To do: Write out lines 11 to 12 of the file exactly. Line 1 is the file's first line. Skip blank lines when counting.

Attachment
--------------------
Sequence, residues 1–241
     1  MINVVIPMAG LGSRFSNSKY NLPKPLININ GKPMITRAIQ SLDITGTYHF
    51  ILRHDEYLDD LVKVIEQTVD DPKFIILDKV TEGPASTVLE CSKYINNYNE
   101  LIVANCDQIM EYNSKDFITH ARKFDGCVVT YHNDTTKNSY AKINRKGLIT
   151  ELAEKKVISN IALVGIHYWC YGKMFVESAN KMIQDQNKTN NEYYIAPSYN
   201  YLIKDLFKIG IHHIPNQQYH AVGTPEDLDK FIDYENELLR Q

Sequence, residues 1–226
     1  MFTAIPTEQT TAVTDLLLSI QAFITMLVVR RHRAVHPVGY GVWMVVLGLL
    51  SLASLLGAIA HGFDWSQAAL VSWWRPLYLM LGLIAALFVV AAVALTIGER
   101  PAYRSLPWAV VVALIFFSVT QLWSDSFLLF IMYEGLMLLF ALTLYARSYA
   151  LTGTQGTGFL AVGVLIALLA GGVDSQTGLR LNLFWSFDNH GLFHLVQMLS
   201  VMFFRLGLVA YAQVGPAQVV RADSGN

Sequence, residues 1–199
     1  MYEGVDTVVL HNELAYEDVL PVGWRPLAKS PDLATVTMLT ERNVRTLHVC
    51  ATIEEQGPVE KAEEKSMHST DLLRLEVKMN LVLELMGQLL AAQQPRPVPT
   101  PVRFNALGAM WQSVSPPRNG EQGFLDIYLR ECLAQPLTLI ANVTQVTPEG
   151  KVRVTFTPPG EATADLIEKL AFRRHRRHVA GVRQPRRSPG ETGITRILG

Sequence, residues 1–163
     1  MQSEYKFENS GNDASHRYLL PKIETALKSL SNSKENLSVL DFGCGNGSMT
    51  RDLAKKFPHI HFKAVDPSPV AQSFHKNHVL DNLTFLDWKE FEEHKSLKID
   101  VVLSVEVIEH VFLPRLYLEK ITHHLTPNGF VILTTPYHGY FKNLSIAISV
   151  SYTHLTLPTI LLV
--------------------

   151  LTGTQGTGFL AVGVLIALLA GGVDSQTGLR LNLFWSFDNH GLFHLVQMLS
   201  VMFFRLGLVA YAQVGPAQVV RADSGN